The San Diego Zoo is found in Balboa Park in San Diego, California, and is considered one of the most progressive and biggest zoos in the nation. With over 800 species containing some 4000 animals, it is one of the few zoos in the world that has a giant panda on display. It is operated by the Zoological Society of San Diego and sits on 100 acres of prime real estate. The land, animals, equipment and all assets are owned by the city, with the society taking responsibility for the day to day operations and management of the zoo. The zoo started just after the Panama-California Exposition when many exotic and other types of animals and their exhibits were abandoned after the expo ended. Dr. Harry M. Wegeforth started the Zoological Society of San Diego in 1916, and in the beginning followed the precedents of the New York Zoological Society. A permanent piece of property was set aside in Balboa Park in 1921, and they started moving animals into it the next year. Frank Buck started as a temporary director in 1923, signed to a three year contract by Dr. Wegeforth, but had such a hard time getting along that Buck left after three months. After various other failures to sign a new director, Wegeforth made the bookkeeper, Belle Benchley the executive secretary which in essence was the director. Some years later, Belle achieved the title of zoo director, and stayed on from 1925 until 1953. During that period, or most of it anyway, she was the only female director of a zoo in the world. Her successor was Dr. Charles Schroeder. Up until the 1960s, the fee for children under the age of 16 was nothing. The zoo was a pioneer in creating cageless habitats and the zoo's center for Reproduction of Endangered Species started in 1975 by Dr. Kurt Benirschke, whereupon he became the first director. CRES was renamed the division of Conservation and Research for Endangered Species in 2005, so the new name could reflect its mission. In 2009, it was expanded to become the Institute for Conservation Research.  It has a guided tour bus that travels almost three quarters of the park, and an overhead gondola called the Skyfari that gives a wonderful aerial view of the zoo and parts of the park. Skyfari was built in 1969 by the Von Roll Tramway company of Bern, Switzerland and is called a type 101. Their displays are usually designed around a certain habitat, using the same feature to include different animals that are found side by side in the wild; with the native plant life also. Thus, an African rainforest can have gorillas, while the Arctic taiga and tundra contains polar bears in the summer. Numerous aviaries are found here that are the biggest free flight in the world, and many other habitats are made natural looking with invisible wires and darkened blinds to see birds, with pools and open air moats for the bigger mammals. The zoo also runs the San Diego Zoo's Wild Animal Park that shows animals in a more natural setting than the zoo. Most of the animals are regularly exchanged between the two zoos, as well as between the San Diego Zoo and other zoos around the globe; in accordance with the Species Survival Plan. It is one of the few zoos in the world that has most of its main displays open air, with the sole building being the Reptile House. The climate is perfect here for both plants and animals, with an arboretum on the grounds with a rare plant collection. A portion of the garden contains rare animal foods, like the 40 varieties of bamboo for the pandas that are on loan for the Chinese, and 18 types of eucalyptus for its koalas.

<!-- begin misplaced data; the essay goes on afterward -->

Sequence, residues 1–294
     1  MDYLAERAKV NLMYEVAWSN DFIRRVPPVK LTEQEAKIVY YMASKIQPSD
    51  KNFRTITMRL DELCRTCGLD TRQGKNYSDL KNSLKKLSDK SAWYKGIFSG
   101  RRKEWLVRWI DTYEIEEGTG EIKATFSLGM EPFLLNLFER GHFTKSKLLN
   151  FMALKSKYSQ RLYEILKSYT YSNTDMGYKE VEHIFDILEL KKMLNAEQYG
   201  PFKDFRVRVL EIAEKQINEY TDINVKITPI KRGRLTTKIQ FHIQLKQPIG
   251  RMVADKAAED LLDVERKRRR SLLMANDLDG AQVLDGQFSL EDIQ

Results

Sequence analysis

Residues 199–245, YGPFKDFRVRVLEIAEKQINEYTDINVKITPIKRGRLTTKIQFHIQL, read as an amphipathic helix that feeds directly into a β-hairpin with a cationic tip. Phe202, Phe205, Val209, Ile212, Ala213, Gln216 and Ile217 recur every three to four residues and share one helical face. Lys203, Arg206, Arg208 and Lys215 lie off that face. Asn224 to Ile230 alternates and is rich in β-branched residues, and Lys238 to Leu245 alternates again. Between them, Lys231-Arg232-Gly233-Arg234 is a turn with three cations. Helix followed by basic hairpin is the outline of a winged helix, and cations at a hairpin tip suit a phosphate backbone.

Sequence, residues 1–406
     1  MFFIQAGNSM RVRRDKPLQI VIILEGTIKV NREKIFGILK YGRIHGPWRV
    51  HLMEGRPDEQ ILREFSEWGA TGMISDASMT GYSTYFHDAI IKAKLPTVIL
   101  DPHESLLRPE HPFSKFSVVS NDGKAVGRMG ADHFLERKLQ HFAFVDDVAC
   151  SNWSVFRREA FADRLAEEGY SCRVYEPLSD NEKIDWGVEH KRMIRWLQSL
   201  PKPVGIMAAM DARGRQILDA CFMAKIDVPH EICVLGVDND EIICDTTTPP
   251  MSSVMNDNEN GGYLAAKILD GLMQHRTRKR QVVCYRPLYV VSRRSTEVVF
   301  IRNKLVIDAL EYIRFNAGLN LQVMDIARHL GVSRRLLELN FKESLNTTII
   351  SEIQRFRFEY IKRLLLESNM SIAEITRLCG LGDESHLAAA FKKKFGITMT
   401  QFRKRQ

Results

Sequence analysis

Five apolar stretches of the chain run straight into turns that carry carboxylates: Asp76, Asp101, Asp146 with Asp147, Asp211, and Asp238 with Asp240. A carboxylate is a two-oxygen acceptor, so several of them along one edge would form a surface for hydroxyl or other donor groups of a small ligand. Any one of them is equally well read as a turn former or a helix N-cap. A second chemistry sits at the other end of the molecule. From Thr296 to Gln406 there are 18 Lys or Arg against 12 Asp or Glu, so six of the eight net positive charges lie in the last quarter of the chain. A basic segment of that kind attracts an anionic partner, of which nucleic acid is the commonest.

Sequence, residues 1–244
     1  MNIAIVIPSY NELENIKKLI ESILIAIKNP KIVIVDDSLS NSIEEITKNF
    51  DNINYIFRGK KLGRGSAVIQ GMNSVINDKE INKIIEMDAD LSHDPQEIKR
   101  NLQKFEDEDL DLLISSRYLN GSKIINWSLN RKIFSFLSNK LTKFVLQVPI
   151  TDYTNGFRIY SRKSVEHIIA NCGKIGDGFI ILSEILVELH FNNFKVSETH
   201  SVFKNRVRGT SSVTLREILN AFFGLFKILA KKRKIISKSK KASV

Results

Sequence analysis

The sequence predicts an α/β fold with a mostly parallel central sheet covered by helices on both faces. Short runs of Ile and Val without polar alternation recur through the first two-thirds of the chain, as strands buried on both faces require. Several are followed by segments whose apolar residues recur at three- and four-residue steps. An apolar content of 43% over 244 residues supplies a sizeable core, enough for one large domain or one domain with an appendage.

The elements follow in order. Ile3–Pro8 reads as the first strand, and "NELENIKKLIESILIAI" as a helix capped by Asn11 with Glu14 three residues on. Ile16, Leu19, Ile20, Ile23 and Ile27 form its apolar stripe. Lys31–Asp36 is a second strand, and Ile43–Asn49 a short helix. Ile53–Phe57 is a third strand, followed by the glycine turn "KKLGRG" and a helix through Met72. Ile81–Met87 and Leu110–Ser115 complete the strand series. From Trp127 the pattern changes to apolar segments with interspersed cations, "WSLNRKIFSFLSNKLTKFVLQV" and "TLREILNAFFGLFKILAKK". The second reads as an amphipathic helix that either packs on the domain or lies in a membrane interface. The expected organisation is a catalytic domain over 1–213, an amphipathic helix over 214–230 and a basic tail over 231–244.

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Local Restaurants in San Diego